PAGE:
RC preschoolers excelling in the classroom

By Jon Tatting

Rush City Early Childhood is finding success in a statewide initiative aimed at helping every Minnesota child become a proficient reader by the end of third grade.

That initiative is the Minnesota Reading Corps, which through its support and training of Reading Corps members, is making a big difference in preparing children for their schooling careers at Jacobson Elementary School.

Thanks in large part to Minnesota Reading Corp involvement, preschoolers in the Rush City Early Childhood program are excelling in the classroom. Here, from left, Javier, Spencer, Braden, Justin, Asher, Logan and Maddox gather for a photo opportunity last fall. Photo supplied

Julie Thom, program coordinator and teacher of Rush City Early Childhood, said she and staff “were thrilled and very pleased” with their preschoolers’ scores this spring in what’s called the Individual Growth and Development Indicator (IGDI) assessment.

The test measures all students on early literacy progress and growth, as staff guides students toward certain target scores by the spring season prior to their entrance into kindergarten.

The preschoolers far exceeded or improved on target scores in picture naming, letter naming, rhyming, alliteration and letter sound. Data on whether students are “on target,” “close to” or “far from” target is recorded at different benchmark periods, and goals are set throughout the school year.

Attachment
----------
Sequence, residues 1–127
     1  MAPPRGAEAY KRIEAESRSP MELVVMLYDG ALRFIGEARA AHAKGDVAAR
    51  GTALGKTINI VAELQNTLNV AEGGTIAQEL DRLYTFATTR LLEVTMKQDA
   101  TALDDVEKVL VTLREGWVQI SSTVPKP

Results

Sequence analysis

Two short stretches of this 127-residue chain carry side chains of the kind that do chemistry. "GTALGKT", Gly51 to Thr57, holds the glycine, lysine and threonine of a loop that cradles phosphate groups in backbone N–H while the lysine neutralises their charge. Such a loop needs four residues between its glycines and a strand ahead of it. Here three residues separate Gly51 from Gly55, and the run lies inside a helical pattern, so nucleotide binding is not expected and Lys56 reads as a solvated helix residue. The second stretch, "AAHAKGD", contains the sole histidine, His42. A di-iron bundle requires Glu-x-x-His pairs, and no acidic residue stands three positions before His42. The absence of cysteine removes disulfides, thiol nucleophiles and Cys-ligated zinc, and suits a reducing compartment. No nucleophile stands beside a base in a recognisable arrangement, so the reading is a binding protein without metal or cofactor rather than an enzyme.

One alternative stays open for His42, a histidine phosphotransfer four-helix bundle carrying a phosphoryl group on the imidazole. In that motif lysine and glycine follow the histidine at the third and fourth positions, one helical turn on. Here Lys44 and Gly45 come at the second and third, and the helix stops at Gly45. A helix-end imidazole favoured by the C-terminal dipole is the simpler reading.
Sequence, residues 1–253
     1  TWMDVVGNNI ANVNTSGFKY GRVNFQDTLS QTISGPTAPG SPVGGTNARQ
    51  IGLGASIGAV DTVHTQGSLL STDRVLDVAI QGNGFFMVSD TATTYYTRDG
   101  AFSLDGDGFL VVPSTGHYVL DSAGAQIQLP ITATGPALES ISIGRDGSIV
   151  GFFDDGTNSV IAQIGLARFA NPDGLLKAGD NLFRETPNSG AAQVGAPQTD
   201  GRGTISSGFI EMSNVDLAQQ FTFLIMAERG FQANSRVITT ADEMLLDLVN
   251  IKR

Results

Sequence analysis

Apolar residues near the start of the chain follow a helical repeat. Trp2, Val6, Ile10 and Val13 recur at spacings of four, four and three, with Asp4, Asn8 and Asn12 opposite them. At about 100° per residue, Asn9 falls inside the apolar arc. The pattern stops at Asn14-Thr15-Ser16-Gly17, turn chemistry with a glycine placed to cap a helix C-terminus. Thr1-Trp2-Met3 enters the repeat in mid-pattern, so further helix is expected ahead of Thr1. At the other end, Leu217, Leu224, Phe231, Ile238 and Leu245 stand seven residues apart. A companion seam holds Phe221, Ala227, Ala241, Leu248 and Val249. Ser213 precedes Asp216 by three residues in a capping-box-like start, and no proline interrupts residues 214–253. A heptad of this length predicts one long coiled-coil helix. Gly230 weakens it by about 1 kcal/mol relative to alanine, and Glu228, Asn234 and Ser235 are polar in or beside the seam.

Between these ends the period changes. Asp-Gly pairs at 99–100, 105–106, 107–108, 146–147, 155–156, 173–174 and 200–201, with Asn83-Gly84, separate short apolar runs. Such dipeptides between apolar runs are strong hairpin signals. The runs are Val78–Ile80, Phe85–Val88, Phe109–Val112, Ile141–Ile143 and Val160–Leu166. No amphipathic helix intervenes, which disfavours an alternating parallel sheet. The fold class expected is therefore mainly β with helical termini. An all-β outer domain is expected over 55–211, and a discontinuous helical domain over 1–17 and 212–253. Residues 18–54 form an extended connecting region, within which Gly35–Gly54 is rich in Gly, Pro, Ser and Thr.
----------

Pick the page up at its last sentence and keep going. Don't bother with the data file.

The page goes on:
“Research points to the fact that when students are meeting these targets, they will be successful readers or have the foundation they need to become successful readers once they enter the K-12 system,” said Thom, noting the latest scores have never been higher.

She attributes the students’ success to a “good staff” of teachers, paraprofessionals and the Reading Corps initiative, which provides research-based intervention training for both community and professional members who are embedded in the classroom.

Being a Reading Corps site, Rush City Early Childhood has a Reading Corps member assisting with such tasks as interventions for students who are neither succeeding nor meeting targets in areas including typical classroom instruction.

Sarah Nichols, of Rush City, a former parent volunteer, is the Community Corps literacy tutor who is trained in part to focus on kids that need help through small group work.

“Sarah supports everything we do,” said Thom, who has experience as an internal coach for Reading Corps members. “She is an established Reading Corps member in our classroom and follows the MRC model. It (the Reading Corps initiative) has made a big difference at Jacobson Elementary School.”

Nichols is expected to continue next school year, since members can serve every four years. Another with literacy tutoring experience, but as a Professional Corps member, has been early childhood special education teacher Dawn Johnson.

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